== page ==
We know too, from the history of the courtroom, that we common folk can be easily suckered by the way the numbers are presented. A man is charged with murdering his wife. The prosecution point out he is known to have been violent to his partner in the past. The defence come back with, yes, but of all the women murdered in this country, only a tiny percentage were murdered by a partner that was previously violent toward them (any similarity to well known cases purely coincidental, you understand). And, sometimes the jury buy this. The more relevant statistic asks, of those women who are murdered, and have previously been subjected to violence by their partner, in what percentage of cases what that same partner the murderer (answer, most of them.)
So, probability is tricky to get our heads around, and is tremendously easy to get wrong. And yet, most of the time, likelihood is all we have to go on. Ideally, in making ‘how likely is it?’ calls, we are taking the best available data into account, and combining it with those other factors we are also convinced are relevant (this, in a very simplified version, is what Bayesian probability is about, seeking a greater degree of corroboration for those claims we already have reason to believe are unlikely).
The problem is, we don’t live in the ideal world, and as every courtroom lawyer understands, often when people judge something to be unlikely, they’re not talking about probability at all. Rather they’re talking about plausibility, how likely something feels to them, given their current set of beliefs and understandings. So lawyers play not just to the evidence, but also to the emotions and prejudices of those weighing it.
And, to arrive belatedly at something resembling a point, when it comes to discussions of God, my sense is that almost overwhelmingly it is the second type of ‘probability’ that is being invoked. People understand full well that saying they believe something because they judge it to be probable, sounds much more respectable than saying they believe it because it feels right to them.
So, my question to the atheist who wishes to claim ‘probably there is no God’ is how did they do that particular calculation? What were the factors they weighed, measured and computed in order to reach this conclusion? Is it only twenty percent likely there is a God, three percent, one in twelve thousand? It feels like a rhetorical device is being employed, rather than some means of calculation. Although I’ve often seen the atheistic claim of improbability, I’ve never seen anybody try to establish the grounds for the calculation (if you do know how it works, please do let us know).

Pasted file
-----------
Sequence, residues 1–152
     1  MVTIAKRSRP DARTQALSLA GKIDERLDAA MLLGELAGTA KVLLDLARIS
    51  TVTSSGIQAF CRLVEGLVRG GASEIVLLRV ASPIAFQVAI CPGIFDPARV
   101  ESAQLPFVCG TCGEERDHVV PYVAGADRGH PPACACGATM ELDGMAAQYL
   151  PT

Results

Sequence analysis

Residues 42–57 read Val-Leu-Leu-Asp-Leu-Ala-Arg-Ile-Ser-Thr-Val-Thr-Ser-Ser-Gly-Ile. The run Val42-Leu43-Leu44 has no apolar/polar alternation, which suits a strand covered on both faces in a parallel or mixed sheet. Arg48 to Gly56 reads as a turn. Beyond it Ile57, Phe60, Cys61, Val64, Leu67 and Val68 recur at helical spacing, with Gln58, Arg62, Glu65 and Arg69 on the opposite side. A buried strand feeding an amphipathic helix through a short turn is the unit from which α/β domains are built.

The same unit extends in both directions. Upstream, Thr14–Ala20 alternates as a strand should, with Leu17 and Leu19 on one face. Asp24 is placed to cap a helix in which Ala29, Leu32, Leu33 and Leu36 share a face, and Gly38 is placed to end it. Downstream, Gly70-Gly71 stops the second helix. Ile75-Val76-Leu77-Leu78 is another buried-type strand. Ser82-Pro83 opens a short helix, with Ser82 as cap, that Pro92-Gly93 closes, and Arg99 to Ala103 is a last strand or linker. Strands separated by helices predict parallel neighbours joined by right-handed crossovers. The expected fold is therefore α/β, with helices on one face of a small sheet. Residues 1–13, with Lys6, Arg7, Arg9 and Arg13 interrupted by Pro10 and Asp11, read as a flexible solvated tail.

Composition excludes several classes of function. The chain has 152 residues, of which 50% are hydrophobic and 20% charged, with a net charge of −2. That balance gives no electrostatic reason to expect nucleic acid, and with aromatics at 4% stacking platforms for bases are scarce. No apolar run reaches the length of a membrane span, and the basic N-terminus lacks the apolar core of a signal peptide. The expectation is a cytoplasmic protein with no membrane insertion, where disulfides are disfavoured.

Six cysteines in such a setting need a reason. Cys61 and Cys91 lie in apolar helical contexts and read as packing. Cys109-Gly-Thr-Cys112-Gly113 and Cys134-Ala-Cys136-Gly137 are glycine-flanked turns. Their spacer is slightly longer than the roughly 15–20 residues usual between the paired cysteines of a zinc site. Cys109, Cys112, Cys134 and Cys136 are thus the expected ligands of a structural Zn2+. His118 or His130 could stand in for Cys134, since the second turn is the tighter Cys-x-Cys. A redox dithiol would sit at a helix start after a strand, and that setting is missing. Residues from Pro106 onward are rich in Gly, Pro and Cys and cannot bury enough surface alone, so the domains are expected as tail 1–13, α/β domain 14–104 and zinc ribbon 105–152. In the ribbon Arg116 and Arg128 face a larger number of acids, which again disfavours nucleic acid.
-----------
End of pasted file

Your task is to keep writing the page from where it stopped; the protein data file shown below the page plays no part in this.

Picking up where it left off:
On the other side, there was once a very powerful probability argument employed in favour of a designer. It was the argument that looked around the world, observed the exquisite interlocking design of nature, and concluded that the chances of this simply shaking together by chance were immeasurably small, and hence must be discounted. The argument from design. Darwin provided us with a mechanism (natural selection) by which the probabilities could be re-imagined, and the argument lost its sting. It stands as an excellent reminder of just how hard it is to employ probability arguments to novel and complex situations.
We still often hear the fine tuning argument, which is sometimes an attempt to use probability to make a case for God’s existence. The argument goes that in principle the universe could have turned out vastly many ways, and almost all of them would have led to either a universe that couldn’t sustain itself, or one that couldn’t sustain life. Hence the fact that we are here at all is extremely unlikely, if chance were the driving force. The reason I’m not moved by this is that it seems to me to be too much like the pack of cards argument. Given there was a universe at all (and let us leave the bigger questions beneath this for later) then its parameters had to be unlikely, by definition. So why be particularly impressed by this particular unlikelihood? There’s an emotional reason, I grant you, but I can’t see the logical one.
And so, to conclude, too often putative arguments about likelihood are actually arguments about gut instincts. Things just feel unlikely, and so we dismiss them, and then dress them up in the language of probability. Which leads on to the related question, when is it reasonable to trust our gut instincts? And that’s a point I promise to come back to.